Today, a lovely woman asked me “what is true?”, actually she asked several people, but being egocentric I am sure it was really addressed to me.  The answer is easy, if I had a picture of her eyes I would place them on this site for the world to understand truth.  The clarity of focus, of knowledge, of intellect, of beauty.  Nature is true, eyes are true, if we loose nature, how will we know the truth -- there are only so many enchanting eyes in the world.

From a post entitled: Wide Open Spaces & The Jungle Cometh

Me in BrasildroppedImage-filtered_1

It is late July in the Southern Amazon.  We have ventured down a side trail to a site called the “Secret Garden”.  A open area in the jungle dominated by stone outcrops.  It is a location which has been a traditional favorite because it gives good views into the jungle and pole benches have been built to accommodate the guests.  We are early in the season, however, and the benches are still covered in vines from the off-season.  The jungle encroaches everywhere when it is given a remote chance.  Facilities often have to be cleared each year of vines and young trees.  This location is relatively immune because of the bedrock but even here human-made structures are quickly engulfed.

It is a location where you can sit and wait for an Amazonian Umbrellabird (photo below right)  to show up - it  happened to us, I’m sure it could happen to you too!!

From a post entitled: Windstorm In The Jungle & Rainstorm On The River

It is August and Jon and I are in the Southern Amazon of Brazil.  The weather has been nice but the word on the trail is that we should expect some afternoon rains in the next day or so.  We have ventured off in search of a manakin and we are now deep into primary forest.  The trees here often have buttresses - for stability in the wind, I know this because of my readings.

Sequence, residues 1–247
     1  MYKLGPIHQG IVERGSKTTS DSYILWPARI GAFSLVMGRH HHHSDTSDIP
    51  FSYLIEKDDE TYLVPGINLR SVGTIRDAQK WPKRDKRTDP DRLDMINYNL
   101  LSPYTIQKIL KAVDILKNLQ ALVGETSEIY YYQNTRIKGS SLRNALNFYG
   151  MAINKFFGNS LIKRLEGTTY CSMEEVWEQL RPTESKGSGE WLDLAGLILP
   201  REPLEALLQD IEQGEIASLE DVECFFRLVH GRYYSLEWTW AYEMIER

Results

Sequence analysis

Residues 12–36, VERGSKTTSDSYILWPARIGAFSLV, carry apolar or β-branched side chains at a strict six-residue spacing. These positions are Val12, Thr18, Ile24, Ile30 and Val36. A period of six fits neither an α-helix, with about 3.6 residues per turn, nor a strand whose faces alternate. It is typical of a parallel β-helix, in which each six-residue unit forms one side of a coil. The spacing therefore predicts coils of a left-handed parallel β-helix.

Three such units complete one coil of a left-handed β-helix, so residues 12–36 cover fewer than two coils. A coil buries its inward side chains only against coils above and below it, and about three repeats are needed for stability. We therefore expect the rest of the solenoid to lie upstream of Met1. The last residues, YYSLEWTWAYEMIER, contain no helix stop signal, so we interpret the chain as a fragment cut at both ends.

We hear it coming, it is a roar like a locomotive.  We can’t see anything, the jungle is very thick, it is not coming terribly fast, but it is very loud.  Through a hole in the jungle we see the tops of trees start to whip around savagely.  Then the wind is upon us, branches and leaves are falling, the sound is incredible, the top half of the jungle is a nightmare of movement, on the ground there is barely any wind, just falling debris, big debris.

We stand there for a long time, there is no place for cover, all we can do is look upward, watching for falling limbs.  It is very scary.  It would be less so if my son was not with me.  But there we stand, learning by experience why the trees have buttresses in the jungle.



It is about a week later (from yesterday’s post) and we have had a rain or two.  My son and I decide to canoe down the Rio Cristalino, despite the threat of an afternoon rain -- we have worked hard at a location called the “secret garden” this morning and the thought of being on the water in the afternoon heat is very appealing.

We start off and make leisurely time as we paddle close to the shore, taking photographs of birds like the Donacobius in the photo below .  We have a long way to go, and have a pretty good idea of where to pull in (a small beach on the right just before the Rio Teles Pires).

We see the wind coming, the top of the jungle whipping around, and then we see the rain - a sheet of rain.  We cover the equipment with our rain gear and paddle as hard as we can.  We almost make it.  We are soaked by the time we reach the beach.

We make a small platform for the equipment and cover it with rain gear and the upside down canoe.  We sit on the beach in the pouring rain.  We are not in a good mood.

The sound of the outboard is welcome, we can hear it for quite awhile before we see Jorge coming to rescue us and haul us back to the lodge.  He has been around us for awhile now and knows the priorities.  His boat has a covered area in front and as he glides it up on the beach he points to the equipment.  We grab the equipment and hand it over.  Then we hook a tow rope to our canoe and head off up river.  We rain pelting our faces hard as we zip upstream.

© Robert Barnes 2017-2018